Aggressive rooster

Discussion in 'Chicken Behaviors and Egglaying' started by Boneheadeb, Jul 31, 2013.

  1. Boneheadeb

    Boneheadeb Out Of The Brooder

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    Jul 31, 2013
    Cedarhome, Washington
    I had 12 chickens - 10 hens and 2 roosters. They are almost 5 months old and a few of the hens have started laying, waiting for the rest to catch up. I am the person who feeds and cares for the chickens. They all run up to the fence when I approach (expecting and usually getting treats of some sort). I went into the yard the other day and the dominant rooster acted a bit aggressive toward me - pecking my feet (could have been my toe polish) and kind of jumping and fluffing his feathers at me. Last night I gave away the spare rooster and am hoping this aggressiveness may have been related to their personal competition. I plan to enter the chicken yard daily and just see if the remaining rooster settles down or if he needs some discipline. I have been told to pick him up, tuck him under my arm, and push his head down as a sign of dominance. I don't pick up or otherwise touch the chickens except on an as-needed basis, so none of them are humanized. I'd rather not go through rooster training unless I have to. The rooster is a good watch-dog, first in/out of the coop, herds the hens under the coop when eagles or hawks fly over, etc. I'm hoping his aggressive behavior will simply go away by my daily presence in his domain, coupled with treats. Any other ideas?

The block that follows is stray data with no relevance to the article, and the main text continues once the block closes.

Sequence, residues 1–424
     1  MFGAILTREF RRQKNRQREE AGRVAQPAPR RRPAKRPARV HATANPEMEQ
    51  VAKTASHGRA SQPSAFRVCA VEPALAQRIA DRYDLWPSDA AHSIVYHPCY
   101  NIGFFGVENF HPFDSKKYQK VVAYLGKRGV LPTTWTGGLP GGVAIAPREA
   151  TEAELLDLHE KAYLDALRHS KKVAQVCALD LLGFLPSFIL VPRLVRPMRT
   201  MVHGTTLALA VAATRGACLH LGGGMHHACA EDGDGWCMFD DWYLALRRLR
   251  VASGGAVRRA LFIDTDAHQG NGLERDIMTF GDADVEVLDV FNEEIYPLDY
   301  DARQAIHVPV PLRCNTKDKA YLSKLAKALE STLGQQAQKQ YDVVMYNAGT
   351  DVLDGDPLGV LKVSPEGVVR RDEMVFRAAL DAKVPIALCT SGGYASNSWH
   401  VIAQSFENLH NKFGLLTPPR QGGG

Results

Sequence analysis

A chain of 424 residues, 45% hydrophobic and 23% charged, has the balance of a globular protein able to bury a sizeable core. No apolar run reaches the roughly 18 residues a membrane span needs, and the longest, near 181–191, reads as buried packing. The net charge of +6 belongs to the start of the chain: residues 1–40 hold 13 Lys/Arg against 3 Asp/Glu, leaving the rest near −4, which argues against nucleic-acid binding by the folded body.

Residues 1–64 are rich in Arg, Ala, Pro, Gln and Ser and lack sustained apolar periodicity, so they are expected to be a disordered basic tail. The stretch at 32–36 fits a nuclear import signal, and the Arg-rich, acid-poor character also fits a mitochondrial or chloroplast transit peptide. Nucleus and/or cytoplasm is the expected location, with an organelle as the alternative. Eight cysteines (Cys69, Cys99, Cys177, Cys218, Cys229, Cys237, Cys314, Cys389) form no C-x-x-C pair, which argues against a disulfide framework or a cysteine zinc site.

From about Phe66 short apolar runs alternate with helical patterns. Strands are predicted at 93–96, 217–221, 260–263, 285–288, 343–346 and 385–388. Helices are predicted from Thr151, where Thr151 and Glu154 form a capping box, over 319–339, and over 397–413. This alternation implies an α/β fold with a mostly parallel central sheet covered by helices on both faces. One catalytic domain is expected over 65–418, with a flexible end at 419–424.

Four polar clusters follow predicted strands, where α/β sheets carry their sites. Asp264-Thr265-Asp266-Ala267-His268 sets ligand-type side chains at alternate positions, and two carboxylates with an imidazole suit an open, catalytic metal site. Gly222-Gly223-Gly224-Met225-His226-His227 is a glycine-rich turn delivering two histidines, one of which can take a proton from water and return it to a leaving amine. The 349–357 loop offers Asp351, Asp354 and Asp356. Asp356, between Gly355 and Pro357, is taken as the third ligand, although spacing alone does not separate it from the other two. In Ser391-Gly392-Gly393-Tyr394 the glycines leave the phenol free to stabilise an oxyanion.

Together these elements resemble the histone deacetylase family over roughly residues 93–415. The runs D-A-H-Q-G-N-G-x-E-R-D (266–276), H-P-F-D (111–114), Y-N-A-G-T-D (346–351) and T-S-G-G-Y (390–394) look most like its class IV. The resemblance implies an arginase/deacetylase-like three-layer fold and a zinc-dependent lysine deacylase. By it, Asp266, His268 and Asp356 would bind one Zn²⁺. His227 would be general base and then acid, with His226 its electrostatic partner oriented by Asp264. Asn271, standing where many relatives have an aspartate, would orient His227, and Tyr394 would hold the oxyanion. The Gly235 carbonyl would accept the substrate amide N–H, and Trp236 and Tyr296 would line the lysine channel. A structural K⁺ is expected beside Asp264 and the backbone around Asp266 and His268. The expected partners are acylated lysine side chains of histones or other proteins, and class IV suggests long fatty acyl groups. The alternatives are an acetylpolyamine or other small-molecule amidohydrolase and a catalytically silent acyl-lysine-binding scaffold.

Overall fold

The rooster is a Welsummer.
     
    Last edited: Jul 31, 2013
  2. DavidKerk

    DavidKerk Chillin' With My Peeps

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    You just need to make him view you as the dominant rooster. Whenever he comes at you aggressively, give him a nice kick. Don't yield to him but instead confidently right past him. Also, don't let him mate with the hens when you are around just swat him if he tries. These things should help. I hope you resolve your issue!
     
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  3. donrae

    donrae Hopelessly Addicted Premium Member